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“The sea was calm but the night was dark: barely a quarter moon to illuminate us”


Justine, rescuer on board the Ocean Viking shares her experience and challenges during a night rescue on October 22, 2022

“The major issue in night rescues is visibility. Sometimes moon light helps our navigation and search lights to illuminate our area of operation. During this night rescue on October 22nd, the sea was calm but the night was dark: barely a quarter moon to illuminate us.  

In addition to the lack of visibility due to the night, there was also the lack of visibility of the boats themselves. They have no navigation lights (often only mobile phone lights are used as lights and their range is limited). There is a real risk of not being able to locate them. Sometimes we locate them at the last minute, the boat is less than a nautical mile away from the Ocean Viking, or even completely in our path, putting them at risk of capsizing.   

Once the boats have been located, there are a number of challenges to consider when conducting a night rescue.  

During the first approach to the boat, major concentration is required in order not to miss key elements (a person who has fallen into the water in pitch dark, the analysis of the boat’s structure is more difficult to perceive, to anticipate if there are injured people on board is more complicated…)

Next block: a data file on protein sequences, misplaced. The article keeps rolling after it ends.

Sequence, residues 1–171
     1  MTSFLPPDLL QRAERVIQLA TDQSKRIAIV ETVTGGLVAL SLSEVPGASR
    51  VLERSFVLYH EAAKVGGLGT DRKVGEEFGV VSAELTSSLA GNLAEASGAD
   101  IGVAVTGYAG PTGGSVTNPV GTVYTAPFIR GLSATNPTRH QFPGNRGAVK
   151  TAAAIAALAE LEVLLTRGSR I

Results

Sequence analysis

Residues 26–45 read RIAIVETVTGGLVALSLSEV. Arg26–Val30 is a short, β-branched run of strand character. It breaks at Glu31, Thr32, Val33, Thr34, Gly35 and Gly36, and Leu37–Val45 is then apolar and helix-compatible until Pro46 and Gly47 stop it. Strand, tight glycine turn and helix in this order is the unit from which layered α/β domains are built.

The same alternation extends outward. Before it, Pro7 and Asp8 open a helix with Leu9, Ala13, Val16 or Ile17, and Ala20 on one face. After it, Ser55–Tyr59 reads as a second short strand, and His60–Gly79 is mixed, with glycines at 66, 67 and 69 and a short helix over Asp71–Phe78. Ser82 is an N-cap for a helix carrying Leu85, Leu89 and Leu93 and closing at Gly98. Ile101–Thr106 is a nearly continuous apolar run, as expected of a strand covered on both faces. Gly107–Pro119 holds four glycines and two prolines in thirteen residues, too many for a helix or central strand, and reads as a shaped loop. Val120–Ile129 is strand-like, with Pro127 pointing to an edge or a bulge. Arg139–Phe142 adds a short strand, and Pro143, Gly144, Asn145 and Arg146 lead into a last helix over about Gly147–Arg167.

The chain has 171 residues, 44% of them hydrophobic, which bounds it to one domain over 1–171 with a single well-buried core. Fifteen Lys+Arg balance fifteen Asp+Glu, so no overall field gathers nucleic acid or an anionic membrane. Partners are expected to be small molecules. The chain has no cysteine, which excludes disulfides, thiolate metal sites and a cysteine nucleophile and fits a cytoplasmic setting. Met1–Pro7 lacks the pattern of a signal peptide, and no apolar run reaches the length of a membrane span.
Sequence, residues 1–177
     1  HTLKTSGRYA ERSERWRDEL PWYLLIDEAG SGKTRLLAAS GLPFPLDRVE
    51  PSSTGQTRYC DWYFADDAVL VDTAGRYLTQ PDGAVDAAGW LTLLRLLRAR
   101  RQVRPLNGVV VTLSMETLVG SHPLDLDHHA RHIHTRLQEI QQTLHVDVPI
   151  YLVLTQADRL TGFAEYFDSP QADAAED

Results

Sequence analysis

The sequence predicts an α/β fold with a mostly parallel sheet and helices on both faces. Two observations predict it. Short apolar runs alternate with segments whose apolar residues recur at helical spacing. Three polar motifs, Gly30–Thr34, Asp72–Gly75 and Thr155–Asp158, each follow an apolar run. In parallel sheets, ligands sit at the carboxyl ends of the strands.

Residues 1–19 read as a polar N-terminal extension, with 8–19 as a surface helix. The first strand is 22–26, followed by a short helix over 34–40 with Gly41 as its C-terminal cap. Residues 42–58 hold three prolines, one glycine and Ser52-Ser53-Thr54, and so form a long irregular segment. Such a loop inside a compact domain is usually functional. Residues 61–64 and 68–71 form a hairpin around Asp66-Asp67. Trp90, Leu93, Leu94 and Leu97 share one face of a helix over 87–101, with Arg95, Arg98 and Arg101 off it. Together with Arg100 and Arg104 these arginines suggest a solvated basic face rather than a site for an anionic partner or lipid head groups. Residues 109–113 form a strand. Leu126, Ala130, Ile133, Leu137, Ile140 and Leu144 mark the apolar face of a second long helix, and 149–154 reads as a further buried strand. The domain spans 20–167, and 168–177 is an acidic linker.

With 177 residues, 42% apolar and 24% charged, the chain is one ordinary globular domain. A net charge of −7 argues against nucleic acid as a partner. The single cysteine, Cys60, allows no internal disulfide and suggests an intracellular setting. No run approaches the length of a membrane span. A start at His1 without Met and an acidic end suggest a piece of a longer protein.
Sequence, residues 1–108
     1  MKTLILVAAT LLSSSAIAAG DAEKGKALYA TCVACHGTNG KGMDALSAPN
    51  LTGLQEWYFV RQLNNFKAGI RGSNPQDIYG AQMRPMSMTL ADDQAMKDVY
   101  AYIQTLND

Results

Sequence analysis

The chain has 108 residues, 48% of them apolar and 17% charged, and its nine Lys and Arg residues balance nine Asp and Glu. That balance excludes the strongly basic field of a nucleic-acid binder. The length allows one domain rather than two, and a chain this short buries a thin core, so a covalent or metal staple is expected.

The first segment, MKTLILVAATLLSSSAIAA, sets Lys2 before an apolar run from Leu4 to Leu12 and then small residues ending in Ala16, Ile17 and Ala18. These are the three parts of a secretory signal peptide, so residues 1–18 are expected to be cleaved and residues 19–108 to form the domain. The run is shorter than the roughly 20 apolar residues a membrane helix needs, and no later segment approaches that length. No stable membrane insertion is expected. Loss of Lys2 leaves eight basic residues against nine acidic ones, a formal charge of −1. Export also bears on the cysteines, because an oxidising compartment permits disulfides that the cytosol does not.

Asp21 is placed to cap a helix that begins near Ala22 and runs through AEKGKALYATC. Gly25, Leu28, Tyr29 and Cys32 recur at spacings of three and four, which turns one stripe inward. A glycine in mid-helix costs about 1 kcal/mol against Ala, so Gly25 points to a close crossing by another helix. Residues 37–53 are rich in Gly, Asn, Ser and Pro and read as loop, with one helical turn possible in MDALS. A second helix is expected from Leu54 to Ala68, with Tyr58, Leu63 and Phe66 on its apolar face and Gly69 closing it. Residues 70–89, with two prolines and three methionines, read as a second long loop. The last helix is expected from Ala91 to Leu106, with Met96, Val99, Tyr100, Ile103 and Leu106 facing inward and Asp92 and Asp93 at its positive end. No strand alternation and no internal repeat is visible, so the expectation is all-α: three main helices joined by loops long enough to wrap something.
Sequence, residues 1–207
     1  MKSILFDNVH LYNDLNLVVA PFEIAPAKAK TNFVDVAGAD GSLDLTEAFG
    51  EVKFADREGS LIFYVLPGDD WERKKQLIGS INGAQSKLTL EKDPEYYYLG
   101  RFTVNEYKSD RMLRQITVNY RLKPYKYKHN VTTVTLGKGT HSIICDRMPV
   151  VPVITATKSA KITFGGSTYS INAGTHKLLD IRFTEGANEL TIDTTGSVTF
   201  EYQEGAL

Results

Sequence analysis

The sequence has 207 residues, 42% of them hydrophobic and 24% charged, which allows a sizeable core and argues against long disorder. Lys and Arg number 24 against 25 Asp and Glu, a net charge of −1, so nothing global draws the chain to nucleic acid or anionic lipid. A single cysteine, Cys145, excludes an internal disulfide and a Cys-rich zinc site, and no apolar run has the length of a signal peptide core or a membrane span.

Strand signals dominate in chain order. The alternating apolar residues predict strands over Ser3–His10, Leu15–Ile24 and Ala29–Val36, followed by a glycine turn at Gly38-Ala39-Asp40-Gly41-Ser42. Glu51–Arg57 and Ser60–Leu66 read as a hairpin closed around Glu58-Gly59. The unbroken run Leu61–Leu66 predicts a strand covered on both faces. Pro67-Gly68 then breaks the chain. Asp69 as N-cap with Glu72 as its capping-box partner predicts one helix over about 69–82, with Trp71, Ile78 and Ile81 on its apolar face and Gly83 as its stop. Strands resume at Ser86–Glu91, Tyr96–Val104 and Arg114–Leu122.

The night also pushes us to find the balance between seeing and being seen: not being blinded between our rescue boats while having a good view of the scene; creating trust with people in distress when they can hardly see us.  

Night operations mobilise our senses. As they have no visual contact, drivers focus more on their perceptions the elements and the lifeboat’s response. 

For the team in general, the senses are used more to compensate for the limited visual evidence: listening for voices and calls, to understand if people in distress are calm or anxious. Smelling fuel, for example, gives us an indicator of a potential fuel canister that could have been spilled and caused burns to people in the boat.”  

Photo credits: Camille Martin Juan / SOS MEDITERRANEE